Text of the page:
I actually walked out of the store, got into the car, and started driving away.  Then the tears came.  I knew I couldn’t leave him.  He was mine.  So, I turned around and walked back in and didn’t leave again until that 11 pound 11 week old collie/shepherd mix was with me.

He was the sweetest dog.  Always happy.  Playful.  A tiny bit mischievous.  And BIG.  85 pounds of love.

Duffey was in my life before The Monkey Daddy.  Before any of the Three Monkeys.  But, Duffey welcomed each one of them into our lives like they were meant to be there.  He was so good with the Monkeys.  They crawled on him.  Used him as a back rest.  Fed him from their high chairs.  Every night we would hear him make his rounds into each of the children’s rooms – checking on them – making sure they were safe.

The Girl Monkey with her two best friends, Duffey and Kitty Kat (the rabbit)

The Girl Monkey with her two best friends, Duffey and Kitty Kat (the rabbit)

His bond with The Girl Child was the strongest.  She loved him almost as much as me or her father or her brothers or even her beloved Kitty Kat (her lovey…yes it is a rabbit – long story).

I knew he wouldn’t be around forever.  After he turned 10, I pretty much considered every additional month with him a gift.  After he turned 13, he started aging more rapidly.  Within 6 months he lost most of his hearing, had doggy dementia, became incontinent, walking became harder.  I stopped letting him go up and down the stairs.  In this same time period, my marriage was coming to an end.  I couldn’t bear the thought of losing Duffey, too.  But it was coming – faster and faster.

Then came the day when he could not stand.  At all.  Not even with help.  He wouldn’t eat.  He barely drank.  And I knew it was time for us all to say our final good-byes and with love let Duffey go.  It was the day before Monkey #1 was to come back from his trip to France with his grandmother.  So I had to make the agonizing decision to either wait until #1 came back, or have him not be able to say good-bye to his beloved dog.  I decided to wait until he came home.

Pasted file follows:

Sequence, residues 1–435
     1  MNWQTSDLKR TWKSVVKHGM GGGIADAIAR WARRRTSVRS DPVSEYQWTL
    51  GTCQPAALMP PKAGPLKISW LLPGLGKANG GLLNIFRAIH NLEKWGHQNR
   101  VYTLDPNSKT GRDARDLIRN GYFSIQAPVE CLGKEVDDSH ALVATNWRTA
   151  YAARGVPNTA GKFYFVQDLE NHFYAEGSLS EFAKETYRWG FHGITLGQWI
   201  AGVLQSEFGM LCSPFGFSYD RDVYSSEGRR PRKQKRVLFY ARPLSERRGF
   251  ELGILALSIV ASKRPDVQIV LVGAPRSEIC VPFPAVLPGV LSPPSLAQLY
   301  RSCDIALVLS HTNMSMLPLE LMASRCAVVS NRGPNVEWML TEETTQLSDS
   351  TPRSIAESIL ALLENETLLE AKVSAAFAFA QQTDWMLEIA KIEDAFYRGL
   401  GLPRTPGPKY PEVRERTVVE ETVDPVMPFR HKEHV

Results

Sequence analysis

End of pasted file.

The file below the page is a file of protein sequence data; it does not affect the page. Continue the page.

I still miss him.  And I swear, even four years later, I still find some of his long hair in corners of closets.  (Every summer he would blow that double coat – and we would be knee-deep in fur. )  I know that dogs like him don’t come along every day.

It has taken me four years, but I think I am ready to enter into a new furry romance.  Ironically, it has taken me longer to feel ready to “replace” Duffey than The Monkey Daddy… Please don’t take offense to that when you read that, Monkey Daddy!  🙂

The Monkeys and I have been searching for the perfect rescue dog, and we think we might have found it.  Her picture stirred the same feelings in me like I had with Duffey,  Something is pulling me to her.  We will meet her for the first time next weekend.  We are all nervous.  We want it to go well, but we also all know that we can’t let pure emotion rule this decision.   With any luck this furry baby will be with us for a long time, and we have to make sure she will make a good addition to our family.

Of course, the last time I was in this position, I did let my heart rule my head – and look how beautifully that turned out.

Maybe this will be just as grand.

Monkey #1 and Duffey

Monkey #1 and Duffey

The Middle Monkey with his favorite pillow

The Middle Monkey with his favorite pillow

Where Has the Time Gone?: Part 2

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My goofy Monkey #1 - letting his freak flag fly

My goofy Monkey #1 – letting his freak flag fly

Monkey #1 will be 13 on the 25th of May.  *sigh* I will officially be the mother of a teenager.  And not just any teenager – one with Asperger’s.  Teenage hormonal issues are enough, without the addition of Asperger’s.  Puberty has just started to hit here in Happy Monkey Land – making things not so happy at times.  Of course, it is a little hard to figure out which is a hormone meltdown, and which is the general run of the mill Asperger meltdown.

Tomorrow is his “Rite 13” ceremony at church.  It is a time when the church welcomes all of these burgeoning teenagers in to the adult fold – and they transition into the youth groups.  Kinda like the Episcopal version of a Bar Mitzvah – without all the chanting.  😉  But it is a part of the service, where they figuratively move from their families to the youth.

Tonight, there is a dinner for the Rite 13ers and their families.  As a part of it, their parents are to write a letter to their child.  Lovely little sentiments giving pithy wisdom about entering adulthood.  Reflecting on memories of their childhoods and the adults they will be.

And for a person who has so many words running through my head all the time – I am stumped as to what to say to him.  I am drawing a complete blank.  Nothing is coming easily to me – at all.